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Group/Singer: Daft Punk (composer)

Label: Walt Disney

Genres: Score, Electronica, House, Trip-hop, Classical, Orchestral

4½/5

In 2010, the music world came into contact with a refreshing and infectious fad. The DJ-fuelled electronica movement, still in full bloom, is comprised of super-star sound mixers and singers experimenting with everything around them. One of the world’s most popular electronica/house groups is Daft Punk. A few years ago, this era-defining, helmet-and-jumpsuit-donning duo – Thomas Bagalter and Guy-Manuel de Homem-Christo – cast aside its iconic sounds to deliver a soundtrack that lived up to our ridiculous expectations.

Daft Punk, exploding long before this fad began, has added several dance anthems and number one hits burst to the pop-culture stratosphere. However, the duo’s best work belongs to an overlooked sci-fi action flick. Tron: Legacy, now known primarily for its score, showcases all of pop-culture’s hidden desires. Beyond the alluring aesthetic and eclectic direction, its standout score elevates it above the competition. Fortunately, Daft Punk succeeds in placing a greater emphasis on the movie’s positives.

Robbed of Oscar consideration, the Tron: Legacy soundtrack has radically altered our blockbuster-laden landscape. With electronica groups like M83 and the Chemical Brothers learning from Daft Punk’s efforts here, this soundtrack is more of a game-changer than the movie its made for. Setting up certain sequences and deconstructing others, this score bolsters the movie’s ominous aura and exhilarating action beats. The first track introduces/re-introduces us to a brave and impressionistic universe. ‘Overture’, building upon the awe-inspiring Tron universe, is a refreshing burst of energy.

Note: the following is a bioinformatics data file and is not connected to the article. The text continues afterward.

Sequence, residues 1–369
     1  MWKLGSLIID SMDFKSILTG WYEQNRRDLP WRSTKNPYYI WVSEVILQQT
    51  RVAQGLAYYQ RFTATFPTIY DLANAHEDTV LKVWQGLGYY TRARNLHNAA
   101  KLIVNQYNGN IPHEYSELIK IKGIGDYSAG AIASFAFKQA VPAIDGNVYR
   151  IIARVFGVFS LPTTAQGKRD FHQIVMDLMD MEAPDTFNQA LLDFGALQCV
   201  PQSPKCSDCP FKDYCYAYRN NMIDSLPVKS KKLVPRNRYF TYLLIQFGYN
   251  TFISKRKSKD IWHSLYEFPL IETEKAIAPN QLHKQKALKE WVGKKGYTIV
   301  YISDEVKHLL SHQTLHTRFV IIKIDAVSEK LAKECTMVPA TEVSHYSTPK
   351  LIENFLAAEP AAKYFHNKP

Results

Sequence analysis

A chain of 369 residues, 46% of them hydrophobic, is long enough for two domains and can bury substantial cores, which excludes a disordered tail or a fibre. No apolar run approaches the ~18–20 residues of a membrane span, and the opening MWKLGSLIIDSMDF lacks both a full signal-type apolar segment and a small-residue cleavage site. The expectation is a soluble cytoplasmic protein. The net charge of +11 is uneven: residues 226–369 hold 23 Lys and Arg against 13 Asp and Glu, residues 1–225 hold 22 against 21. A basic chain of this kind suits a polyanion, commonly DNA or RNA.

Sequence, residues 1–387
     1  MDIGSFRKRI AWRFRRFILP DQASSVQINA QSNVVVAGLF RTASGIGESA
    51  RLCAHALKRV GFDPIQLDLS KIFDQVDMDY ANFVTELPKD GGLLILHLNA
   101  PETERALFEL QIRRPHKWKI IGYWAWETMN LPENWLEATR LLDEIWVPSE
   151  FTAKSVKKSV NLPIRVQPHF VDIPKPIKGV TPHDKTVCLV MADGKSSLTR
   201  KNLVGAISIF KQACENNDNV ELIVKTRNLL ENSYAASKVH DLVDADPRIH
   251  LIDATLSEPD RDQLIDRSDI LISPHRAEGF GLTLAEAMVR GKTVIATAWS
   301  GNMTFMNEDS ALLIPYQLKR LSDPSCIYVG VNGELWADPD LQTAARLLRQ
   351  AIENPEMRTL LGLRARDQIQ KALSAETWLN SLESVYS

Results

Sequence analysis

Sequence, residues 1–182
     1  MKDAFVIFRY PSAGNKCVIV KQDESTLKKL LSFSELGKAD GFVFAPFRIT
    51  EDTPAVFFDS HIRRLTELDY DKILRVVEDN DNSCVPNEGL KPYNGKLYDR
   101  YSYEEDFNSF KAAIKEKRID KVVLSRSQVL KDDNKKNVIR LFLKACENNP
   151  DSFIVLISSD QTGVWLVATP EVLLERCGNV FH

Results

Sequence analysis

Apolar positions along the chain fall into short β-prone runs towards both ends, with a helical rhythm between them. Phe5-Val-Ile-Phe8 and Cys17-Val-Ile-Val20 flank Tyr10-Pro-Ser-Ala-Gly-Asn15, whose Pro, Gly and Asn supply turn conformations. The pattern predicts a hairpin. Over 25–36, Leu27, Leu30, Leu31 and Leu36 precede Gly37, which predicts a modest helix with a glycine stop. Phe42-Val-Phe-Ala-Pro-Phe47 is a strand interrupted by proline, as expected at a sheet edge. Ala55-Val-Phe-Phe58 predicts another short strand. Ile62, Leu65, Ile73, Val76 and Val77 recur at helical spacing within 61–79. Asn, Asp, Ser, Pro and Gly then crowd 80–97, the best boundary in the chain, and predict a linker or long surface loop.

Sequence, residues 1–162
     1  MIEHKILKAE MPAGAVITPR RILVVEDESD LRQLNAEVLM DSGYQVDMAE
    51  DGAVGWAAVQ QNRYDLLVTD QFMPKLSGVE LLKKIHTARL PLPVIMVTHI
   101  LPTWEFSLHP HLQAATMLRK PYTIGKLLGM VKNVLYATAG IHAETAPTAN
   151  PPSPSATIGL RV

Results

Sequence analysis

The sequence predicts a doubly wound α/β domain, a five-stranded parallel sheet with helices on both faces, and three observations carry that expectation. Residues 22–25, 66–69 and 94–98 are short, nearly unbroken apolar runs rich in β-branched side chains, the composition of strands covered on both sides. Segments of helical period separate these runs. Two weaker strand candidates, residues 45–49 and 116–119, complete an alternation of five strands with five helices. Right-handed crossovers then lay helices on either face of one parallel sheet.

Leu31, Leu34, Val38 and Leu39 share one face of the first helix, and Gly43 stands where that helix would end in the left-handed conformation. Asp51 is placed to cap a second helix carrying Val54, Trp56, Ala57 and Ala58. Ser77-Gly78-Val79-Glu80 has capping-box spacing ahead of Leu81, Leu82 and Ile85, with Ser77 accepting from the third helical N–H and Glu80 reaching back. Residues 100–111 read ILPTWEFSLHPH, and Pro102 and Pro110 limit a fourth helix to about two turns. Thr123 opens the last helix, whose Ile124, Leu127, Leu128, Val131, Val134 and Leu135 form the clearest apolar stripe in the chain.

Recommendations: ‘Son of Flynn’, ‘End of Line’, ‘Derezzed’

From there, the soundtrack makes a habit of tying each concept and thread to the movie’s intricate layout. ‘The Grid’, chronicling the movie’s mind-bending prologue, touches upon the ever-lasting connection between score and narrative. With Jeff Bridges voice delivering a tinge of brevity, this magnetic track leads us through the score’s most alarming motifs. From there, the soundtrack obliterates expectations and examines our love of modern dance music.’Son of Flynn’, setting the tone for the entire score, is a wondrous and brisk creation. Speeding through its short duration, this track warrants multiple listens whilst on the go.

From there, Daft Punk’s greatest effort mixes and matches different sounds to create extraordinary tracks. Fusing thunderous orchestral sounds and electronica motifs for ‘Recogniser’, this album becomes nothing short of exhilarating. In addition, the following two tracks, ‘Armory’ and ‘Arena’, shift gears and bolster the soundtrack’s burgeoning scope. Building upon Daft Punk’s sterling vison, these tracks reprogram and reinvigorate everything we believe about soundtracks and electronica. Further on into this sprawling creation, tracks like ‘Outlands’ and ‘Adiago for Tron’ outline the benefits of Daft Punk’s think-outside-the box processes.

However, despite the aforementioned tracks’ overwhelming prowess and sturdiness, the album’s central tracks live up to Daft Punk’s unbelievable reputation. ‘End of Line’ clicks from the get-go, as its infectious beat pushes this soundtrack through its darker periods. In addition, ‘Derezzed’, I dare say, is the album’s most electrifying and intensifying effort. As its synthesiser beat pulsates, the track’s repetitious rhythm becomes stuck in the consciousness. Boosting Daft Punk’s enthralling vision, tracks like ‘Solar Sailer’, ‘Disc Wars’, and ‘C.L.U’ set the mood for the rest of the album’s phenomenal twits and turns.

By album’s end, thanks to influential and succinct tracks like ‘Flynn Lives’ and ‘Tron: Legacy (End Titles)’, Daft Punk establishes itself as modern music’s most ambitious and transcendent group. Highlighting electronica’s immense worth, their music continually reshapes and improves the genre’s layout. The Tron: Legacy soundtrack, delivering idiosyncratic harmonies and unique sounds, places scores and soundtracks back into the neon-lit spotlight.

Verdict: Daft Punk’s most impressionable and addictive work yet. 

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